Now when you think about it, it is really about Blocking out a scene (or the Blocking Stage), where we will describe all of the above within our poses. But to do this, there need to be clarity in this blocking where a series of poses are representing clearly our idea and intention. If there is not, then it means that our poses are not working well together, that they are not representing what you had (or though you had) in your mind.  

So in conclusion, if your animation doesn’t work, it’s because your poses don’t work; either doesn’t work together enough to tell a strong story or are not strong enough as good drawing.

Here’s is a little recap with a graph if you're in the mood  : Just There 


One beginner’s mistake: It doesn’t work so I need to add more poses!

Some months ago, I came to realise that when my animation doesn’t work it is generally because of my pose. As when my poses are not strong enough or are either not conveying my ideas clearly, are not working well together (as we just talked about).

I remember that my Animation Lead once points me out a mistake that starting animator will sometime do. He points me out that beginner animator will sometime add more poses (breakdowns) in their animation trying to fix an animation where poses are already not working well together, as if adding more poses would “solve the problem”. It is a mistake I use to do and still do from time to time, so that when he point me this out, I recognised myself a bit.

It’s as if the animator who realise that his animation doesn’t work, would tell to himself “well, I probably need to add more poses in there since it’s not looking very good”. But obviously the problem is not that the animation need more poses, but that the poses already there are just not working well together and that adding more breakdowns to already weak poses that are probably not working together just won’t solve the problem.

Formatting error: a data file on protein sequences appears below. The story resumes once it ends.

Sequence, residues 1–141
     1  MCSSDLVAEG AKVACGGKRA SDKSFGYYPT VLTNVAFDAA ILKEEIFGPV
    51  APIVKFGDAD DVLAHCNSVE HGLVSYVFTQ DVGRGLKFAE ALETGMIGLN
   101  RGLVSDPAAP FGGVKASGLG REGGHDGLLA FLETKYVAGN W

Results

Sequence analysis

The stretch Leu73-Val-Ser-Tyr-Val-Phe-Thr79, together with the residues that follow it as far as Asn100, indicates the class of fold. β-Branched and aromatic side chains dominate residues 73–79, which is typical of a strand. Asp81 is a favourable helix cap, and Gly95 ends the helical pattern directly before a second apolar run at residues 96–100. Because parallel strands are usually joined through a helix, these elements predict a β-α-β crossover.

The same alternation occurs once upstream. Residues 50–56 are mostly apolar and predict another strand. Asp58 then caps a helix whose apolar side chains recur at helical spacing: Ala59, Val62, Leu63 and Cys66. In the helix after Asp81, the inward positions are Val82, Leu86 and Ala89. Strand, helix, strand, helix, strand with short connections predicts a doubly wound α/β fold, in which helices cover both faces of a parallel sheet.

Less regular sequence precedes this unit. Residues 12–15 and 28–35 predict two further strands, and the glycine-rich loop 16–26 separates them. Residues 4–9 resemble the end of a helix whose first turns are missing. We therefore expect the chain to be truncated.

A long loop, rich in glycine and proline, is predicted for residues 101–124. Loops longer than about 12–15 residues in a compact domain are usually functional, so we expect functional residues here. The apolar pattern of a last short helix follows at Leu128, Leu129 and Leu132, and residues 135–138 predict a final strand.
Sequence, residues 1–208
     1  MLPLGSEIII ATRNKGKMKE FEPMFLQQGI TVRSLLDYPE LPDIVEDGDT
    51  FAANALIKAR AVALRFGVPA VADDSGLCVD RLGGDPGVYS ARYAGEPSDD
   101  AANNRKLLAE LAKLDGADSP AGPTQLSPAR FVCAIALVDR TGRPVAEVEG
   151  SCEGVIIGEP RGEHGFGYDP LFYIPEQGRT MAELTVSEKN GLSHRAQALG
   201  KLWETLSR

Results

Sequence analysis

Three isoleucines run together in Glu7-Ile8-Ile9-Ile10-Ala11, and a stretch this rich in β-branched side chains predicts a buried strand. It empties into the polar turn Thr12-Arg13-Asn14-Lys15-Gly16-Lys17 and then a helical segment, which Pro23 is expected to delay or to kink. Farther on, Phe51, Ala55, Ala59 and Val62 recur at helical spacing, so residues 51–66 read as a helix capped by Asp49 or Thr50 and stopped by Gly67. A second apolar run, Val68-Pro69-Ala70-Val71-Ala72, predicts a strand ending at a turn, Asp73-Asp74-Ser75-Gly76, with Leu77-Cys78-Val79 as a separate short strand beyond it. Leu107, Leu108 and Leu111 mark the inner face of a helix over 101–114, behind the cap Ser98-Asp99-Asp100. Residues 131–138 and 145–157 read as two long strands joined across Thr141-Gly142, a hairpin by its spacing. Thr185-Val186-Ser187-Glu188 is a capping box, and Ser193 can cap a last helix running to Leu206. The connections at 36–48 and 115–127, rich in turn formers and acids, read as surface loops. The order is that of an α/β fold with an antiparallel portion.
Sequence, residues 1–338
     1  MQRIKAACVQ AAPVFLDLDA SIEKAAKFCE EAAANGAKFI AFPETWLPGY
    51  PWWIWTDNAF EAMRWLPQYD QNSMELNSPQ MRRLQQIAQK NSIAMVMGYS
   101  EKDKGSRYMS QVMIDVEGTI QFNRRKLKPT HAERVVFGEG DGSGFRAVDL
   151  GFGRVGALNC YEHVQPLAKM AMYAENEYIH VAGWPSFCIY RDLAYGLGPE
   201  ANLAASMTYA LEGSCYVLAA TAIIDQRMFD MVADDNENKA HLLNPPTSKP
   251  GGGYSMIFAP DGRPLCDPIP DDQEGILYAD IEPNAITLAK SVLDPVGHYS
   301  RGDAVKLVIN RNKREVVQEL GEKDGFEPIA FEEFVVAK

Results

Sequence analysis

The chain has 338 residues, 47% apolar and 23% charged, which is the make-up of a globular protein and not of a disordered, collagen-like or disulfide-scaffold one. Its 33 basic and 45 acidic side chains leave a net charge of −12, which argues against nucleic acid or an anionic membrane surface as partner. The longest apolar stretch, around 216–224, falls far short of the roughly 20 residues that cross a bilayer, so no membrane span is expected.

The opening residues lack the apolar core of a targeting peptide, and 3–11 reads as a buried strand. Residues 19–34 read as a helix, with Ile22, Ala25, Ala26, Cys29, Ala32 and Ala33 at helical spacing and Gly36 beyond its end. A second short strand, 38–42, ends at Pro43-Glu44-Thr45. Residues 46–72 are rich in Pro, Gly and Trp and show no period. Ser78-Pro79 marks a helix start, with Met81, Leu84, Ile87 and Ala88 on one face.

So that suppose you have a short in-game animation to do, with eight poses on your timeline next to each other’s, and that when you space them in time (on the timeline) it look like complete non-sense in term of what you wanted (or thought you wanted !). Then obviously it’s not because you need to add more poses, but because the pose you already have doesn’t tell a story, they are not working together enough.

To a certain extent, this “oh my god it look like crap” feel is normal after you have spaced your keyframes in the timeline, or after you get out of stepped interpolation and goes into spline. For sure, if it looks like complete non-sense, then there’s something wrong with your poses and how they relate to each other’s, but if your poses aren’t working exactly as you intended I think it’s normal to a certain extent, as Keith Point out in one of his blog post :

I think there's a point where you can see what you see in a scene and you can't see anything more until you move on. […] until you go forward you'll never really know what you have on your hands. Scenes are like that sometimes. You do what you can do in blocking and then when you're happy with it- allowing that you've thought it through and have worked it to your satisfaction- you move on. 
-Keith Lango; A question from an APT student....


Francis.

4 comments:

Herman G said...

Great post. Thanks, that Graph is killer. Good job!

Rajesh Gupta said...

I read your post in my one breathe. What a clear presentation about Strong Poses! I am very happy that I am lucky enough to read your this post. You are really helping Animators to improve their skills by your insight thoughts. Thanks so much!
-RG

Krzysztof Boyoko said...

hey Francis,
very informative notes my friend :)

Fr002 said...

Thx Krzysztof, and good luck in your certainly amazing career as an animator !